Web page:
The Autumn Budget was silent on social care. There has been much in the news about the immense pressure being put on the NHS due to beds being blocked as a consequence of a lack of community social care services.
There was, therefore, much anticipation about what would be contained within what has been billed as the last Spring Budget.
In his address, Philip Hammond paid tribute to the hundreds of thousands of carers who work in our social care system. He highlighted the principle that everyone has access to the NHS when they need it and that everyone should enjoy security and dignity in old age.
He acknowledged the pressure that the social care system is under and that, consequently, this puts pressure on the NHS.
Reference was made to our aging population being the reason behind the government having “already delivered more than £7 billion extra spending power to the system over the next three years”.
It was announced that additional grant funding of £2 billion was being committed to social care in England over the next 3 years with £1 billion to be available 2017-2018. This is to “allow local authorities to act now to commission new care packages”. It was said that this would free up hospital beds by enabling the discharge of elderly patients.
There was also mention of work to be done with social care and health to ensure “more joined up working”.
There is concern that the additional funding committed by the government will not plug the social care funding gap and is a drop in the ocean that is only likely to have some short term impact.
In a discussion paper ‘Distinctive, Valued, Personal: Why Social Care Matters, The Next Five Years’ published in March 2015 by the Association of Directors of Adult Social Services (Adass)it stated that a protected settlement of at least £4.3 billion was required by 2020 for social care to plug the funding gap. This was said to be in addition to the extra £8 billion per year that the NHS said was needed by 2020.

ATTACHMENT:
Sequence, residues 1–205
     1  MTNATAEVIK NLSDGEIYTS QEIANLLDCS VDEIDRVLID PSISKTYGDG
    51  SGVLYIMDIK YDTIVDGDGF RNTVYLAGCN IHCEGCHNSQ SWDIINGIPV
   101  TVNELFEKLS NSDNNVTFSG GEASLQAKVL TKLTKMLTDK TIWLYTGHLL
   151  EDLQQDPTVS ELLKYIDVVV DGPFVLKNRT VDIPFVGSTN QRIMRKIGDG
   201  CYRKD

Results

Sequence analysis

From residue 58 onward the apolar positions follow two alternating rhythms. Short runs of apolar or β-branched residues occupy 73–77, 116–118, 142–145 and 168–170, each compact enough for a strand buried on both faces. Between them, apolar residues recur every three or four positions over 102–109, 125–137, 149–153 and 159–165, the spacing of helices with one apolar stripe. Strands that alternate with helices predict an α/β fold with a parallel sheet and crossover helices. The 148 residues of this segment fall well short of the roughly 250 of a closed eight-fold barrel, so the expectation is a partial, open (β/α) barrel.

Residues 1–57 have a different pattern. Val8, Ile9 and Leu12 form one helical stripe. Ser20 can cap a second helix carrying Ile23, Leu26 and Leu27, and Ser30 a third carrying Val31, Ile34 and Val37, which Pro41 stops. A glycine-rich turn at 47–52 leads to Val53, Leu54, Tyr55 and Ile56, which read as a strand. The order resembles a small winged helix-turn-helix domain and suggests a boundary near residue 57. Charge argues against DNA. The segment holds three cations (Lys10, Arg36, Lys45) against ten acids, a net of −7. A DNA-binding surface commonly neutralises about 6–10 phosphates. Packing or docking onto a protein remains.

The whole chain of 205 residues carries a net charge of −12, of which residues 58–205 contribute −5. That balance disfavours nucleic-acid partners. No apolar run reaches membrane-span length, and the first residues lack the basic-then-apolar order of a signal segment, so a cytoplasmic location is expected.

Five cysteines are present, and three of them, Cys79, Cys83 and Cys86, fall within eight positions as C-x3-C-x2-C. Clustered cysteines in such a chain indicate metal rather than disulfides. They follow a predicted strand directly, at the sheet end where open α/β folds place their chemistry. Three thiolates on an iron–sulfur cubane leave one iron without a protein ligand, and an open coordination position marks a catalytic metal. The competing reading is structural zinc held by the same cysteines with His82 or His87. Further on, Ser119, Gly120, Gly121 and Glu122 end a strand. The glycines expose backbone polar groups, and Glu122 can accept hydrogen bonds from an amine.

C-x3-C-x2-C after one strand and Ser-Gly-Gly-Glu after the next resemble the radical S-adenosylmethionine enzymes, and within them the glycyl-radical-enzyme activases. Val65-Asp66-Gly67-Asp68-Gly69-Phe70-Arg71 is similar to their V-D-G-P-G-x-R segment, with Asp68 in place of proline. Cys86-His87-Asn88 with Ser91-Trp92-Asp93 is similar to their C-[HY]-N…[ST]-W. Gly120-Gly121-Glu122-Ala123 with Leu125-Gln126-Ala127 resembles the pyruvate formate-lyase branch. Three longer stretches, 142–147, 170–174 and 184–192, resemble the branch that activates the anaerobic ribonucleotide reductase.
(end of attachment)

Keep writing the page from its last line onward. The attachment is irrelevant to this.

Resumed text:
It appears that, currently, there is no clear long term plan for funding social care. The Chancellor of the Exchequer stated that the government would be setting out its thinking on the options for future financing in a Green Paper later this year.
The Care Act 2014 came into force in April 2015 significantly reforming the law relating to care and support for adults. Despite the ambitions of the Act, previous cuts to local authority funding have led to councils making difficult decisions in relation to social care. Without adequate funding in place, the aspirations of the Care Act will not be met and there is risk that local authorities will be unable to meet their basic legal duties.
So, although the elephant in the room, the underfunding of social care, has now finally been addressed by the government, many people’s fears about the future of social care and the NHS have not been alleviated by Mr Hammond’s statement. There is a further waiting game as to what will be done in the long term to try to secure these essential services required by many of the most vulnerable in our society.
At GT Stewart Solicitors and Advocates we have a community care legal aid contract. We are able to assess whether you may be eligible for free advice. Alternatively, we can act on a private basis and we are happy to consider completing work on a fixed fee basis.
If you would like more information or advice on local authorities’ duties under the Care Act if you have a disability or health condition or if you are a carer or relative, please contact Tracey Ling in our Community Care Team at GT Stewart on 0113 222 4888.